Not the mayor nor any other elected official in Boston can walk into a church and decide the best sermon to preach, which deacon should be promoted, what message to preach on Sunday and so on. But I’ve witnessed on numerous occasions, clergy without speaking to elected officials who represent the communities where the house of worship resides make those decisions. Does the clergy know policy better than the elected ? Does the clergy have a side by side working relationship around policy and/or budget ? Was there a process that they can point to in their selection ? Did their congregants participate ? I could go on but you get the point, hopefully. It is a conversation that I believe needs to be had. My belief is it needs to stop especially without cooperation or collaboration from the local elected leadership.
Another issue I’ve seen my father live through, that I live through and others I will share.
I watched my father serve his community giving to others even when it meant taking resources out of his own household creating real family stress. I remember the things some from the community said about him for working for Daniel Burke, a former member of the Boston School Committee. Similar things were said and whispered when I worked for Boston City Councilor Michael Flaherty in 2005.
“He’s a sell out.” “He works for the white man.” “Can’t trust him.” “He ain’t as loud as he was before, his activism has changed” things like that. You’ve heard it before. These sentiments are being circulated now still. So let me be clear about my boundaries with my friends (both real and social media).
Sell outs exist, no doubt. But like I said, you have to have more than just calling someone a name. Speaking for self, if you think that my working for a non profit or administration or white person makes me a sell out, it’s best if we don’t speak and stay separate. If you believe that perceived “friends of your enemy” are your “enemy”, it’s probably best if we don’t speak and stay separate. I’m not sure when folks self selected themselves for moral authority but I do not accept it.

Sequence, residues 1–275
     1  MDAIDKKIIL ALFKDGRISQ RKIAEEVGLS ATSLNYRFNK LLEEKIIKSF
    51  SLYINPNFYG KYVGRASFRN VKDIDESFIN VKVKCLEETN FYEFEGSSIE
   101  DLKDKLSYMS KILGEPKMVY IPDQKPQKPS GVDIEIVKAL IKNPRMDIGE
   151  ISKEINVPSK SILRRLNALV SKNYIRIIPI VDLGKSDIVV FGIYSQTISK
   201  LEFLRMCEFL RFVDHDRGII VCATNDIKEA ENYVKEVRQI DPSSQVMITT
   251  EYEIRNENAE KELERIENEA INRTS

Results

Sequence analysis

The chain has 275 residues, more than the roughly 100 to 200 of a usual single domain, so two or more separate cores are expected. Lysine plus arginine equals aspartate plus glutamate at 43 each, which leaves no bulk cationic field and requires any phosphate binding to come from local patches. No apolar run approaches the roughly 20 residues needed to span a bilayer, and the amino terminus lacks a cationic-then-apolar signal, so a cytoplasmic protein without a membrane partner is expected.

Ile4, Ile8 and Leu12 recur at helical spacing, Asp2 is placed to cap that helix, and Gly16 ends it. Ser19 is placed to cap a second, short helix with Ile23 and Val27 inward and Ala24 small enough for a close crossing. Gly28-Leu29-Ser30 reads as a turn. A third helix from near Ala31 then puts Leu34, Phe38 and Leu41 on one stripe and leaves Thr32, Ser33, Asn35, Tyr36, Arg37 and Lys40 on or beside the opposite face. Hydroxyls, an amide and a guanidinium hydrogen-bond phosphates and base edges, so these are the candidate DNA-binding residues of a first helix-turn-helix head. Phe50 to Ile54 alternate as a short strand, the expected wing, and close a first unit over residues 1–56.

I will not accept that the tens of thousands of people who have worked in government and non profits and have spent their lives not only working but serving their community while they worked whether they are the chief of health and human services or a laborer at public works. I will not denigrate or diminish their work and slander their character by painting thousands with the same brush.
Is the activist the same when elected ? How bout as a parent ? How bout when sick ? No. Do you talk to your mother the same at 40 as you did at 14? No. Do you talk and move the same when children are around versus all adults ? No. – In activism, we are not all to act the same, but hopefully towards the same goal. But if you are telling me I have to do it the way you deem appropriate when you deem it appropriate or else you will diminish my work and reputation then you are operating on a different frequency than me and we cannot build together. And generally speaking I’m perfectly fine with that, for those that think we have to be “all together”.
I’m a mature adult black latino man with a history of service to my community and city at various levels. I expect those around me to engage me with maturity and intelligence. If you are unable to, one way or another we will separate. I do not believe in 100% unity around complex issues. So, to those who continue to engage in what I deem as destructive or non-constructive behavior, we will separate soon if we haven’t already.
If you are unable to acknowledge and check your biases. If you encourage this behavior you will notice the distance, or I may ask you directly why do you support that behavior if we are close enough to dialogue. No judgement, just dialogue and if deemed necessary, distance.